In 1947, a hillbilly duo named Lonzo & Oscar recorded a whimsical song entitled, "I'm My Own Grandpa." The convoluted story, which was later recorded by Ray Stevens and Willie Nelson, began when a man of 23 married a widow with a grown daughter. The daughter married the man's father. They had a child, who would be both the man's grandson and brother at the same time. You have to drop the “step” before most of the relationships, but the song does demonstrate how it is humanly possible to become one's own grandfather.
|Paw-Paw (B.E. Edwards) 1984|
I didn't have to go through all of that to realize that I'm becoming my grandfather. All I had to do was open a drawer in my kitchen and discover a trove of twisty ties.
Paw-Paw was my mother's daddy, and he lived to be 90. When he died in 1987, mom and I had to go through his possessions and clean out his house. It was in a kitchen drawer that I discovered his collection of twisty ties. Most folks are familiar with these little plastic, bendable "strings" that often come on bread wrappers. You can also buy them in rolls, although the only places I've ever found them are at garage sales and flea markets. They come in handy to close potato chip bags and bind lengthy cords on electric appliances, such as hand mixers, too. I rarely throw one away, but recycle it for another use.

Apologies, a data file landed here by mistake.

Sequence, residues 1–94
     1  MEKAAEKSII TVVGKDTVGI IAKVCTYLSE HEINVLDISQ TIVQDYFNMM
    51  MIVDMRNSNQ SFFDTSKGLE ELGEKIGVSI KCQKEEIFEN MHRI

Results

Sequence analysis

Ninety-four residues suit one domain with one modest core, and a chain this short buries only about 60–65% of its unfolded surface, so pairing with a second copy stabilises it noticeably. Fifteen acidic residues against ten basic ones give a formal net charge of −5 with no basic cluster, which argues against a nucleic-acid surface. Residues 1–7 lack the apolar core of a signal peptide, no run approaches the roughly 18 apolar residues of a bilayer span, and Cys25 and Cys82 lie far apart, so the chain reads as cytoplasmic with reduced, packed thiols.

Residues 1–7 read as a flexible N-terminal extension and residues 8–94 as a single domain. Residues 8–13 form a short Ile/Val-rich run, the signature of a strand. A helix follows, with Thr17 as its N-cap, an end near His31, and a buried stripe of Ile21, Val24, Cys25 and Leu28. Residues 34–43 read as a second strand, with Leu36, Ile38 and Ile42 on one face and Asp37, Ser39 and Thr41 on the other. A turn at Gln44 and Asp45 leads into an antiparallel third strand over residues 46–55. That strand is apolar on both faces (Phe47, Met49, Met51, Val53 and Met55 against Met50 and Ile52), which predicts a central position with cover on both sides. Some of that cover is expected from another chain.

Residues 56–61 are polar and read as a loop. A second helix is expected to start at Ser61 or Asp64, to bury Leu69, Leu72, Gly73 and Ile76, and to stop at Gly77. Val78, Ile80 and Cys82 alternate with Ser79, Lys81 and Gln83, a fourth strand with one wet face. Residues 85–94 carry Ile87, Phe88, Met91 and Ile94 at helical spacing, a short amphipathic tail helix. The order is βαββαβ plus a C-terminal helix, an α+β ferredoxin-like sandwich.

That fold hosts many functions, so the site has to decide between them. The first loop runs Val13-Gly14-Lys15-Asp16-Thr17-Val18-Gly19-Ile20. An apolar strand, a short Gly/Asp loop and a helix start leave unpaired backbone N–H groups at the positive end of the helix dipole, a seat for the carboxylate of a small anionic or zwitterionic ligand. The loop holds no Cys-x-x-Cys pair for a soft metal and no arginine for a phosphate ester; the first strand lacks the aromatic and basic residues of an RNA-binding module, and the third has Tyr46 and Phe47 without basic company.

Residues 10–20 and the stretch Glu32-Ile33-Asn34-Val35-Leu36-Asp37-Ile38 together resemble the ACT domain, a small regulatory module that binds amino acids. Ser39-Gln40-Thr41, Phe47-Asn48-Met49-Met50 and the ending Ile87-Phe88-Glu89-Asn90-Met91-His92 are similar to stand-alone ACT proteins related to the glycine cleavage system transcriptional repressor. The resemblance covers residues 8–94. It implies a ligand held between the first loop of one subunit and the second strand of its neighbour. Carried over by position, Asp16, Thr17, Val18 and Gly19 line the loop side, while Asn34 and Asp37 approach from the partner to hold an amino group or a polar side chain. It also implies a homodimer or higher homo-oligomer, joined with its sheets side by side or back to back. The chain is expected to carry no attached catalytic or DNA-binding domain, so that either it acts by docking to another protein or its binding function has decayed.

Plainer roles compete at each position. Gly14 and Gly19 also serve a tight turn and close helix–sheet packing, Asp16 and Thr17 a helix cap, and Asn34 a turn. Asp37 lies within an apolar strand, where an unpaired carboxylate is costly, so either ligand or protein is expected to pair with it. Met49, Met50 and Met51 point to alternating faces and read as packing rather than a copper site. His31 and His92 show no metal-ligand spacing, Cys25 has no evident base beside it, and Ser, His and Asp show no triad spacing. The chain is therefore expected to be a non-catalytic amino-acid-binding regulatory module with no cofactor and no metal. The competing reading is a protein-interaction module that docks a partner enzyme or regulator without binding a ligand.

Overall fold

My grandfather had a drawer full of those little plastic ties. It looked like there were hundreds of them. He must have saved every one he had ever found. Why, I don't know. Perhaps he thought there was going to be another world war and twisty ties would be rationed along with flour and sugar.
Recently, I lifted the plastic cutlery organizer out of a kitchen drawer to discover my own collection of twisty ties. Although it wasn't nearly as extensive in size or color as his, it made me think of Paw-Paw, whom I adored, and it gave me a laugh.
Some women lament that they are becoming their mothers. Leave it to me to turn into my grandfather.